positions on other issues, more in keeping with
McCain's than those of his conservative opponents.
In delegate-rich California's GOP primary
(McCain, 42 percent; Romney, 32; Huckabee, 12),
Huckabee won the support of about a quarter of
evangelicals, the Associated Press reported.
Nearly one-third of California Republicans
polled named immigration as the most important
issue facing the country. Those favoring
deportation of illegal immigrants supported Romney
by two to one.
The No. 1 issue for most GOP voters in
California, however, was the economy, and they
backed Romney as the candidate best qualified to
Around four in 10 of Republican voters in the
state said abortion should be legal, and supported
McCain. Those who said abortion should be outlawed
favored Romney, although Huckabee also won backing
among those voters.
In Democratic exit polls, Clinton won the
support of more white women, Hispanics and those
who said they wanted an experienced candidate.
Obama got the backing of eight in ten blacks,
about half of white male voters, more than 60
percent of the young white vote, and about seven
in ten of voters saying they wanted "change."
'Best pro-life candidate'
In his statement Tuesday, Dobson said he was
convinced McCain was not a conservative, and cited
his positions on issues including the protection
of marriage, embryonic stem cell research,
political free speech and tax cuts.
"He has sounded at times more like a member of
the other party," added Dobson, who made it clear
he was speaking in his personal capacity and not
on behalf of his organization.
" These decisions ... reflect my deeply held
convictions about the institution of the family,
about moral and spiritual beliefs, and about the
welfare of our country."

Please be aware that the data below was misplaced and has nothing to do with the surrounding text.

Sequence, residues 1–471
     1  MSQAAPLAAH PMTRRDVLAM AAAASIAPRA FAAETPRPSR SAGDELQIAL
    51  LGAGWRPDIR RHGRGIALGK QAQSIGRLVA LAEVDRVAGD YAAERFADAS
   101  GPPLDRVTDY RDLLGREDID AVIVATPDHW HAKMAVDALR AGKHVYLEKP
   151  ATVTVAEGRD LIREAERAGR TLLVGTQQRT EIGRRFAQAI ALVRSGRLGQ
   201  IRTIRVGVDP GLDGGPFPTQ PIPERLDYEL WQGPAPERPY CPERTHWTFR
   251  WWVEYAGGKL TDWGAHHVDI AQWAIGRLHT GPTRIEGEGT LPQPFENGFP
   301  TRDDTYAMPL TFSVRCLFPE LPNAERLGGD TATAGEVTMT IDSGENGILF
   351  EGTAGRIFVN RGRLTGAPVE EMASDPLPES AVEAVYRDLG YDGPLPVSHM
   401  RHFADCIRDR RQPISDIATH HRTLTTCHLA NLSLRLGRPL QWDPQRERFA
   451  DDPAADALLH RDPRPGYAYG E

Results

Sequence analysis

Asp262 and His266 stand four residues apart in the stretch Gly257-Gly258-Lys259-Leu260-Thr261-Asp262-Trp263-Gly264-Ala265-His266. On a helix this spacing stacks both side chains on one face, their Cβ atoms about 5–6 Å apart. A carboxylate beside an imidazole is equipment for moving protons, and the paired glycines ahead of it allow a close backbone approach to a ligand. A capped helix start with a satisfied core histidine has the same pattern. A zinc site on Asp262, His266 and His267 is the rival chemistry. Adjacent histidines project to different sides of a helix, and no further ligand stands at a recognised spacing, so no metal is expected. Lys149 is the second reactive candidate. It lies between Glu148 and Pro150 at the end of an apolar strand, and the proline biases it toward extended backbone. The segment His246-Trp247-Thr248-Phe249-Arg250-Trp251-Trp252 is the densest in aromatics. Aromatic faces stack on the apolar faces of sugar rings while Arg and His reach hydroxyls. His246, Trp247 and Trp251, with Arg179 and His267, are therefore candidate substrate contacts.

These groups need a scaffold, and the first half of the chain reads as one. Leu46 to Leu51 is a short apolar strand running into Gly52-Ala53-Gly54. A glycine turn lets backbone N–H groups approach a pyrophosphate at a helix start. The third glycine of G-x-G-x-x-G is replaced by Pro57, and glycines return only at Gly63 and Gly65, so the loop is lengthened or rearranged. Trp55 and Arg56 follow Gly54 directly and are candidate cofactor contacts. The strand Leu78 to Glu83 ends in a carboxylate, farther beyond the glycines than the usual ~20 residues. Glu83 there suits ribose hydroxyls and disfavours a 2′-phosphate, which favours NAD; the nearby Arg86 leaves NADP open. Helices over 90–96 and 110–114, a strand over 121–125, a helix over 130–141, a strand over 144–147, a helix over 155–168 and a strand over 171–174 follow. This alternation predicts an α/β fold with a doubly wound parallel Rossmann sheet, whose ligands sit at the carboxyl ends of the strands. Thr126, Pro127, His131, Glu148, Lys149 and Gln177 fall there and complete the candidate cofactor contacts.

Later in the day, Dobson told talk-show host
Dennis Prager that he would vote for Romney if the
former Massachusetts governor won the GOP
nomination, although he stressed that his theology
was very different from that of Romney, a Mormon.
Dobson's statement was the latest attack on
McCain's candidacy from high-profile
conservatives, including national radio talk-show
host Rush Limbaugh, who endorsed Romney on
Outspoken author Ann Coulter said on Fox News'
Hannity and Colmes last week that if McCain was
the Republican nominee, she would support -- and
campaign for -- Clinton.
McCain has received backing from some social
conservative Republicans, including Sen. Sam
Brownback of Kansas, a leading pro-lifer, who
ended his own White House bid last October and
endorsed the Arizona senator the following month.
Writing in the current issue of the National
Catholic Register , Brownback called McCain "the
best pro-life candidate to win in 2008."
In an implied criticism of Romney - whom
detractors characterize as an opportunist who has
shifted positions on abortion as a sop to
conservatives - Brownback said McCain "is no
Johnny-come-lately to the cause. John McCain is
not pro-life out of convenience, but based on